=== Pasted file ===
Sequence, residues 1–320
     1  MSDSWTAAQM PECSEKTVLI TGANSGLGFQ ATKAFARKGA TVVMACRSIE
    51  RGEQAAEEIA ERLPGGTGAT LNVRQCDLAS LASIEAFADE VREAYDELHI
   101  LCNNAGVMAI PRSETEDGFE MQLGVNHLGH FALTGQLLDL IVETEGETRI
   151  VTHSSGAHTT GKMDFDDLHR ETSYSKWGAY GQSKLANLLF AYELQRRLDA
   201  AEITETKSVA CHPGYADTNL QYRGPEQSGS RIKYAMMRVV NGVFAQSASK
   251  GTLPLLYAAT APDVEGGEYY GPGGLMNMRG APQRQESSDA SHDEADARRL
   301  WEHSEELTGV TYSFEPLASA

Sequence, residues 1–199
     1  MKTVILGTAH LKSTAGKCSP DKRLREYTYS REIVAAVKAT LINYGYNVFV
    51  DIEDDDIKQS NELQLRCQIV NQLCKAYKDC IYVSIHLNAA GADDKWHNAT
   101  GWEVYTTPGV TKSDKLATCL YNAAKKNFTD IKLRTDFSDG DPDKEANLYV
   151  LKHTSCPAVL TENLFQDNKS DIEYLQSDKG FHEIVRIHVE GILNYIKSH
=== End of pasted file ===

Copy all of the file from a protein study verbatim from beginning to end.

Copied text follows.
Sequence, residues 1–320
     1  MSDSWTAAQM PECSEKTVLI TGANSGLGFQ ATKAFARKGA TVVMACRSIE
    51  RGEQAAEEIA ERLPGGTGAT LNVRQCDLAS LASIEAFADE VREAYDELHI
   101  LCNNAGVMAI PRSETEDGFE MQLGVNHLGH FALTGQLLDL IVETEGETRI
   151  VTHSSGAHTT GKMDFDDLHR ETSYSKWGAY GQSKLANLLF AYELQRRLDA
   201  AEITETKSVA CHPGYADTNL QYRGPEQSGS RIKYAMMRVV NGVFAQSASK
   251  GTLPLLYAAT APDVEGGEYY GPGGLMNMRG APQRQESSDA SHDEADARRL
   301  WEHSEELTGV TYSFEPLASA

Sequence, residues 1–199
     1  MKTVILGTAH LKSTAGKCSP DKRLREYTYS REIVAAVKAT LINYGYNVFV
    51  DIEDDDIKQS NELQLRCQIV NQLCKAYKDC IYVSIHLNAA GADDKWHNAT
   101  GWEVYTTPGV TKSDKLATCL YNAAKKNFTD IKLRTDFSDG DPDKEANLYV
   151  LKHTSCPAVL TENLFQDNKS DIEYLQSDKG FHEIVRIHVE GILNYIKSH